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How we restored migratory birds’ routes, habitats in Yobe – GEF SGP

  13 Mai      2        Environment (1045), Society (10707),


Abuja, May 13, 2019 (NAN) The Global Environment Facility Small Grants Programme (GEF SGP) says awareness creation and community empowerment have helped in restoring the routes of migratory birds and their habitats in Yobe, Northeast of Nigeria.

The group’s National Coordinator, Mrs Ibironke Olubamise, made this known in an interview with News Agency of Nigeria (NAN) in Abuja, Nigeria’s capital,  on Monday.

Olubamise was speaking against the backdrop of the commemoration of the 2019 World Migratory Birds Day with the theme “Protect Birds: Be Solution to Plastic Pollution”.

The World Migratory Birds Day is held on May 11 annually to raise global awareness campaign on the need for the conservation of migratory birds and their habitats.

According to Olubamise, GEF SGP implemented by the United Nations Development Programme (UNDP) has supported efforts to restore the routes of migratory birds in Yobe State and their habitats by creating awareness and empowering communities to take required actions.

“We call on others to support efforts to address plastic pollution in the ocean to save marine lives and save humanity from the imminent danger.

“Continuous creation of awareness, capacity building, incentives and initiating policies to address the issues will go a long way to encourage concerted action to restore migratory bird species,” she said.

The national coordinator said that second Saturday in May and October of every year were the days set aside by the international community to create awareness on the threats facing migratory birds.

She said that pollution, habitat loss and hunting were the major threats to the survival of migratory birds.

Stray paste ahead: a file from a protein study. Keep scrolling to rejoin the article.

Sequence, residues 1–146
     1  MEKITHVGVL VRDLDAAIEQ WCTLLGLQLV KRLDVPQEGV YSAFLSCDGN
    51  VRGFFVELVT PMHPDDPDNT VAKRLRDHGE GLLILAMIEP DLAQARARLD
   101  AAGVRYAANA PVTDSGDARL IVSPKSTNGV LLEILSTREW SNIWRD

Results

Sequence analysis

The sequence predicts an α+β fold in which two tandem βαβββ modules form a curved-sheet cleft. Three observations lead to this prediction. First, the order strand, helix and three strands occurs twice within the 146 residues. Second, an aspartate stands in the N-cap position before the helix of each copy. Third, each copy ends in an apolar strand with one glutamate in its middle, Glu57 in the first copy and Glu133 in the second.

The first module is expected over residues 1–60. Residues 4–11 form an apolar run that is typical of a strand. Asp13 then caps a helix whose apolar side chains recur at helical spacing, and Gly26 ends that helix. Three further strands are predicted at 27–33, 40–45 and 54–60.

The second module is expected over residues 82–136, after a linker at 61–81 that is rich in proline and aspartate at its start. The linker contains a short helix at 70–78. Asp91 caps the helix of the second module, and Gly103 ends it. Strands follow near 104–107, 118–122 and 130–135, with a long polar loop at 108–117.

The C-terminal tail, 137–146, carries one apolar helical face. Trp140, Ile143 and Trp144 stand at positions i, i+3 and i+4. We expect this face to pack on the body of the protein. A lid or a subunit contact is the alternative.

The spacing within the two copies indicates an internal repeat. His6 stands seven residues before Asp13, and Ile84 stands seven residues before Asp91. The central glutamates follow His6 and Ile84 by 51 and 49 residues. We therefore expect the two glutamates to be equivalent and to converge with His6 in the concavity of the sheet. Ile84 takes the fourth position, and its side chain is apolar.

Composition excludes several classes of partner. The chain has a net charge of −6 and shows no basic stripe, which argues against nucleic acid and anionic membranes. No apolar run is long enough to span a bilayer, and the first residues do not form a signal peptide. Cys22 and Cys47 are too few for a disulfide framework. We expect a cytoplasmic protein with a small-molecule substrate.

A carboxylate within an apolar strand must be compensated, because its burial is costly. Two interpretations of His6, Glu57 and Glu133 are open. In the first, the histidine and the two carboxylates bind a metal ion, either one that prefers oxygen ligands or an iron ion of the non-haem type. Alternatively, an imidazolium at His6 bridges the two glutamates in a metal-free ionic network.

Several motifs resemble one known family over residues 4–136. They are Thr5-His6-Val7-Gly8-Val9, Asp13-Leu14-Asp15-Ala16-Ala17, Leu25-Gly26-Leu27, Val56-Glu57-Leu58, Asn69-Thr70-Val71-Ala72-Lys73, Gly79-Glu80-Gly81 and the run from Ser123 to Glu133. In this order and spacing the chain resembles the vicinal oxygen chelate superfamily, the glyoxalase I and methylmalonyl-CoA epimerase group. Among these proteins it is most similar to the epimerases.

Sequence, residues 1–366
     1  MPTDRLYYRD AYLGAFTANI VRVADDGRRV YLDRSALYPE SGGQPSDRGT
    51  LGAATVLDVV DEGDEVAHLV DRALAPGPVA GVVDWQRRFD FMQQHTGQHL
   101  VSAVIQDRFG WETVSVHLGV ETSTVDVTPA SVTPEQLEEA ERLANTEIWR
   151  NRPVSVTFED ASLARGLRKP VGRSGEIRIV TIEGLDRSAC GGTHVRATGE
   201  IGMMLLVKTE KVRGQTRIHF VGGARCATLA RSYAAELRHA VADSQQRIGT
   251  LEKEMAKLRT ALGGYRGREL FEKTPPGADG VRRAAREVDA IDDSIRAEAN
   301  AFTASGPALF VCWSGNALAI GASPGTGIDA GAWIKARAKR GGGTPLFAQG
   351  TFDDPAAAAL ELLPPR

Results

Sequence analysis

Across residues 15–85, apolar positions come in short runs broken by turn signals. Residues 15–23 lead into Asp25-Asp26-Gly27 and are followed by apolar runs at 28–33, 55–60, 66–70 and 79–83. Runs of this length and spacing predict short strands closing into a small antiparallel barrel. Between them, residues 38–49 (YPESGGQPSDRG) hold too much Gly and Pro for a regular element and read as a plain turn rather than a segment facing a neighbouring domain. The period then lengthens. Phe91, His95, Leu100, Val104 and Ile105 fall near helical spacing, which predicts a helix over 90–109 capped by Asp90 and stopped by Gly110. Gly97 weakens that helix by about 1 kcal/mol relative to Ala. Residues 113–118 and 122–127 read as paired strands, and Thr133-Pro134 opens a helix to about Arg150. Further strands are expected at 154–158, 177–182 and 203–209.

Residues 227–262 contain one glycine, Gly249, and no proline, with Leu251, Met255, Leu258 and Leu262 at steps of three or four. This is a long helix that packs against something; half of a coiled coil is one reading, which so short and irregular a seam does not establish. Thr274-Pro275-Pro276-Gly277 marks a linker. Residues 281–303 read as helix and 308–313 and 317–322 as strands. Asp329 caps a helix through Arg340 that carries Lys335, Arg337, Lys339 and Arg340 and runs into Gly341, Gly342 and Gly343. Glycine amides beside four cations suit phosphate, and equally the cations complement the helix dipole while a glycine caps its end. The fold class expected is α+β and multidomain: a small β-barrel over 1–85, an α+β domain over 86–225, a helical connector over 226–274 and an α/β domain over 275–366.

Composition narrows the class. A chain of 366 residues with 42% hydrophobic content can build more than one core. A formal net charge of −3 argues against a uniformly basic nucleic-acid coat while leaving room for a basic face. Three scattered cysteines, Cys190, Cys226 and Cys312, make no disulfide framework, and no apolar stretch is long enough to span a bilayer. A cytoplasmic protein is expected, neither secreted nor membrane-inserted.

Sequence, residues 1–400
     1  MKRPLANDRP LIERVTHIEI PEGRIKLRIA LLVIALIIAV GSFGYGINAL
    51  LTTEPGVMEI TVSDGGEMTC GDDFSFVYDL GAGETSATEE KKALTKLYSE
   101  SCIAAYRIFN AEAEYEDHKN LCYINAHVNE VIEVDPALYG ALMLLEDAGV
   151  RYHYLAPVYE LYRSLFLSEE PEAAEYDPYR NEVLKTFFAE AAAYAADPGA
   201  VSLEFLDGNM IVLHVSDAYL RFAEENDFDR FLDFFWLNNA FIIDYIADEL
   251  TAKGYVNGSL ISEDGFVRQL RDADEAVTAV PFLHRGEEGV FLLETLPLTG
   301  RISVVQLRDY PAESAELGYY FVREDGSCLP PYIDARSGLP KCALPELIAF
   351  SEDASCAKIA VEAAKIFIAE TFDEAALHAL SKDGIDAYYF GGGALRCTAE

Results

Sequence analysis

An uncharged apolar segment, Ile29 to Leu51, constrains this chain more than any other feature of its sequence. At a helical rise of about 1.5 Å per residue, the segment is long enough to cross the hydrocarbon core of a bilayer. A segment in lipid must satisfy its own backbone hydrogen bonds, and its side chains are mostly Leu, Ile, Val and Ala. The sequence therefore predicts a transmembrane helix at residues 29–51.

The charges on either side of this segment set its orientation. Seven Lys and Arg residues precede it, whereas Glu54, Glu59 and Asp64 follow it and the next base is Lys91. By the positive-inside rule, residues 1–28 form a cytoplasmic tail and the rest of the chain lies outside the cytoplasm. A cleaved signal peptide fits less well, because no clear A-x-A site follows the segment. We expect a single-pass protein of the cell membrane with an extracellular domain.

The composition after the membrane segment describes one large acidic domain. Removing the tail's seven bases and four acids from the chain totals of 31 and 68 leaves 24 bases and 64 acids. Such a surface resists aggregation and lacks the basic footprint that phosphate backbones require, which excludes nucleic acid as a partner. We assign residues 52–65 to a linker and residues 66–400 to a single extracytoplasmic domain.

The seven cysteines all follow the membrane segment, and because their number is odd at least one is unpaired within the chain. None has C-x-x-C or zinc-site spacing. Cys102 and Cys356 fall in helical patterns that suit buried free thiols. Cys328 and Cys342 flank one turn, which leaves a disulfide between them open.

“Chief of this is pollution due to plastics. Many of the migratory birds are seabirds.

“It is has been established that plastics in the ocean will be more than the fish biomass by 2050 if the current trends continues.

“According to the World Wildlife Fund for Nature (WWF), micro plastics is found in stomachs of 90 per cent of seabirds globally, compared to only 5 per cent in 1960.

“This has brought about a great concern for the world to implement strategies to reverse this dangerous trend,” Olubamise said.

“This year’s theme: `Protect birds, be the solution to plastic pollution’ is apt as it calls for an urgent effort globally to address plastic pollution which is posing great health risks to migratory sea birds and the world.

“Human beings will be the worst hit of the eventual consequences if we do not act now.

“Everyone can do something to protect the birds either directly or indirectly by refusing single use of plastics or use of plastics at all, reducing, reusing and recycling plastics and preventing them from entering the oceans and getting into the stomach of marine animals.

“There is need for community initiatives, regional and national policy development to address the menace of plastics and political will to make a change,” she said.


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